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Sunday, August 14, 2022

“Nobody cares if women have pleasure or not”

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This year we are going to see two very, very different versions of emma thompson. One on Netflix and one at the movies. It will be Miss Tronchatoro in the musical version of Matilda, close to Christmas. And before, in Good Luck, Leo Grande, to a retiree who has never had an orgasm.

Emma plays Nancy, a retired school teacher and widow. She never, with her husband, could find out what gives her pleasure in bed. And, although it is difficult for her to make her decision, she is willing to have the best sex.

Thompson spoke bluntly about sexuality with Clarín.  Photos BF Paris

Thompson spoke bluntly about sexuality with Clarín. Photos BF Paris

How? Hiring a taxi boy, the Big Leo from the title of the film by Australian Sophie Hyde, who is played by Daryl McCormack (Isaiah Jesus in Peaky Blinders), an actor 33 years younger. Well, as is his character in the film that premieres this Thursday, in theaters, in Argentina.

Unrecognizable, like Miss Tronchatoro in the upcoming "Matilda."  Netflix Photo

Unrecognizable, like Miss Tronchatoro in the upcoming “Matilda.” Netflix Photo

Thompson has won two Oscars, one as a leading actress, for Howard’s Mansion, opposite Anthony Hopkins. And another of hers for her script adapted from Sense and Sensibility, by Jane Austen. Hardly her name is not in the next awards season, and she reaches a new Oscar nomination.

Tremendously kind on the other side of the Zoom screen, the 63-year-old actress -Kenneth Branagh was her first husband, she is currently married to another actor, Greg Wise, seven years her junior) spoke with Clarín about female sexuality in the cinema, and in life.

You will notice how honestly she speaks, and how direct she is in expressing her thoughts.

His character never had an orgasm.  She is a retired widow who hires a taxi boy to have sex.

His character never had an orgasm. She is a retired widow who hires a taxi boy to have sex.

-My first question is if you have any similarity with Nancy, your character.

-Mmm… OK, well, she’s an old English lady. That is all. Of course I recognize her, because I know many teachers. But I’m in London and, as Nancy says, you know, the girls of my generation who grew up in London had a very different perspective on the world. In general, there was more access to different ways of thinking.

Perhaps it was much easier to get a little caught up in the sectoral norms of what is known as feminine behavior. And I was never, ever that person. But there is something that I am, I am a woman. I am English, I am old. Also, I like the words. So from that point of view, yes.

Emma has already won two Academy Awards.  And it looks like she's going for the third.

Emma has already won two Academy Awards. And it looks like she’s going for the third.

And yes, I probably share a bit of snobbery: if someone can use a really clever word, I think it must be brilliant. But of course I could be completely wrong. I could be a complete idiot.

-My favorite line in the film is the one that says that “sexual satisfaction makes me feel invincible.”

-Well, I don’t know if you have realized this clearly, but nobody is really interested in whether women have pleasure or not. Nobody cares. So whether you care about having pleasure or not, you have to take it, so to speak, into your own hands. And that’s all there is to it. You know, the world is not built to offer or, indeed, ask what female pleasure could be.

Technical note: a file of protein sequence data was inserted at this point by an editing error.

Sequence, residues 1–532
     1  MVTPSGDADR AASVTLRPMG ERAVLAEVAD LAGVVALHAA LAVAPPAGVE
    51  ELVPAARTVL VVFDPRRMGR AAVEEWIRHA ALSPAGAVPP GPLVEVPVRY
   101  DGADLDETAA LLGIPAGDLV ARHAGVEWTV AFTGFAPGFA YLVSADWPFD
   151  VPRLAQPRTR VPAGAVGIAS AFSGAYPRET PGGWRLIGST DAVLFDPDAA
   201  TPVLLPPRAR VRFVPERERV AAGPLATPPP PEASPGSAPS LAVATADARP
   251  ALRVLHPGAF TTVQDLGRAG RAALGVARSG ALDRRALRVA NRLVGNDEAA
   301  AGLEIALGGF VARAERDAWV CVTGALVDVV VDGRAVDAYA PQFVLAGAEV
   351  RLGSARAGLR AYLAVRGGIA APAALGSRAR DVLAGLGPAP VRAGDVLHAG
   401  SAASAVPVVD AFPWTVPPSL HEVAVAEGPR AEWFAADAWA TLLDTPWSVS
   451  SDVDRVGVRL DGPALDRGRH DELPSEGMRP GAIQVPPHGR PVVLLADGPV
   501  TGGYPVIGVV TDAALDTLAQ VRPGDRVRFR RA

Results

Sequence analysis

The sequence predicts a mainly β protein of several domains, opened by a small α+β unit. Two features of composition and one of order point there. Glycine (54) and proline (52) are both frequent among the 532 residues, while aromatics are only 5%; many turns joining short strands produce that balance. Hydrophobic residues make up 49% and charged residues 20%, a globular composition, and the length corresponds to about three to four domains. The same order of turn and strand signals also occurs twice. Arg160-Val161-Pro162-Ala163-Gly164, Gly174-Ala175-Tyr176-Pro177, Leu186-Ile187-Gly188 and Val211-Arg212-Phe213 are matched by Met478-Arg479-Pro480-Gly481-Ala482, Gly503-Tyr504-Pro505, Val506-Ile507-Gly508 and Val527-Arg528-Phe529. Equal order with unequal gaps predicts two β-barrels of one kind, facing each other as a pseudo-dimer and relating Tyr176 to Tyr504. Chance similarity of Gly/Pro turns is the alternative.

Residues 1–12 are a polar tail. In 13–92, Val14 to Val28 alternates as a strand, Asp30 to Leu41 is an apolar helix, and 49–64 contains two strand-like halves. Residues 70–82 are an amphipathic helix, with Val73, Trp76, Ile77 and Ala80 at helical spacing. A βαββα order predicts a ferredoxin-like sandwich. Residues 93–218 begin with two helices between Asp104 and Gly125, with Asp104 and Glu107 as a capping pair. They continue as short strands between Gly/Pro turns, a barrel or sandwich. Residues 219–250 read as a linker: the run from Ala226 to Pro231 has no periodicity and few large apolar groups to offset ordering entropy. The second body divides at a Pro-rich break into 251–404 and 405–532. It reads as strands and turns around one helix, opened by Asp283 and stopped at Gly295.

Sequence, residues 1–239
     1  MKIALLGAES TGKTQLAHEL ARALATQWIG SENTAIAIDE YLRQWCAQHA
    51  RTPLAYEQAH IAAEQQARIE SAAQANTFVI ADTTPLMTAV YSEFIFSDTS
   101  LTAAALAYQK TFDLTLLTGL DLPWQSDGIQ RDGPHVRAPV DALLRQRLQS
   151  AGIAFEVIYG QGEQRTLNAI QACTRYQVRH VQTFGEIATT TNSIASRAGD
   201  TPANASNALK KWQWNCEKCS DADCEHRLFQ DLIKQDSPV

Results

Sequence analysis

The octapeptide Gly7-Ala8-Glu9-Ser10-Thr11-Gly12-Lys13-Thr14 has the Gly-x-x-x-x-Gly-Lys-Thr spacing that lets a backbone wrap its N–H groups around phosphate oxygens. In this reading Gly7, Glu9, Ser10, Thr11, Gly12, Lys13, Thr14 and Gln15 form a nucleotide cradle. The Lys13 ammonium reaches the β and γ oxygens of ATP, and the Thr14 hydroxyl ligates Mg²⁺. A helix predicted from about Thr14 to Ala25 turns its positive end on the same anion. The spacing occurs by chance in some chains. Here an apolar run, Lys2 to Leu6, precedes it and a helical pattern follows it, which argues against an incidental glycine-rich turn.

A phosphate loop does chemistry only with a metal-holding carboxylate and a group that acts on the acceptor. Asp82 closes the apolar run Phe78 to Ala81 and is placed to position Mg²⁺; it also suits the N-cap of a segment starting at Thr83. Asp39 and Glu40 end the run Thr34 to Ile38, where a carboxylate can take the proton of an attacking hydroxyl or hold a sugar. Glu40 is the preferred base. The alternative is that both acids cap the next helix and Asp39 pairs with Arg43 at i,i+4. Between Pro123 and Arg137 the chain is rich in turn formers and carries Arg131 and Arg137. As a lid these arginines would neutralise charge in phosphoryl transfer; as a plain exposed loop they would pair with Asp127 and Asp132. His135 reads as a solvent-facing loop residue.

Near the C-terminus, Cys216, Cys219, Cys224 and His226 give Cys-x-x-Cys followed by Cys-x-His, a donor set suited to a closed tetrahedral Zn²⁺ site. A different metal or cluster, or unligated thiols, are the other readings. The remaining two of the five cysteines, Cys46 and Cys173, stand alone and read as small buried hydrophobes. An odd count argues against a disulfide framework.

Emma Thompson and Daryl McCormack, the actor who is part of the cast of "Peaky Blinders".

Emma Thompson and Daryl McCormack, the actor who is part of the cast of “Peaky Blinders”.

We don’t have any fucking pleasure and some of us aren’t even allowed to. And in some parts of the world, what could give us pleasure is cut up and thrown away. So yes, absolutely. And we have learned on screen and in stories that pleasure or sex is something we look at, done for the purpose of seeing that it is arousing, rather than something we feel.

So learning how to have sex when you’re young must be so weird now because can you explore what something feels like, or do you just think about what it looks like? Because that’s what you’ve seen forever. I mean, these are the things that we wanted to explore and the idea that Nancy could really break away from her expectations, and figure out what works for her. And that we could all do that. It’s exciting.

Nancy, her character, "may experience pleasure for herself," Emma told "Clarín."

Nancy, her character, “may experience pleasure for herself,” Emma told “Clarín.”

You know, the end of the movie is the beginning of his life. Perhaps she experiences pleasure for herself, but perhaps if she experiences pleasure with another person, then what will be added may be a kind of emotional attachment. This is not a romance, but it is intimate.

The taboo of female pleasure

Yes, it is very intimate. Do you think that pleasure for women is still a taboo in our society?

-Yes. Yes it is. I was going to say that pleasure is for everyone. But that’s not true. Men have had pleasure, and that has been a driving force. But for me, I think the idea of ​​pleasure for women is still revolutionary.

"It

“It’s a story about someone who finds something for himself,” says Emma, ​​with the help of another.

-In agreement. Why do you understand that this happens?

-Because we have to keep ourselves down… Because for centuries, very, very influential men like Darwin and Rousseau and philosophers like Schopenhauer and Plato, and all religious and non-religious figures have said that women are not important. They are not good enough. That they are barely human, and actually, in some ways, a little more than children. This is how we were considered in the 18th and 19th centuries. It is very recent that the existence of women as full and participatory human beings materializes. So it’s no wonder that when it comes to women’s pleasure, we’re barely on the radar.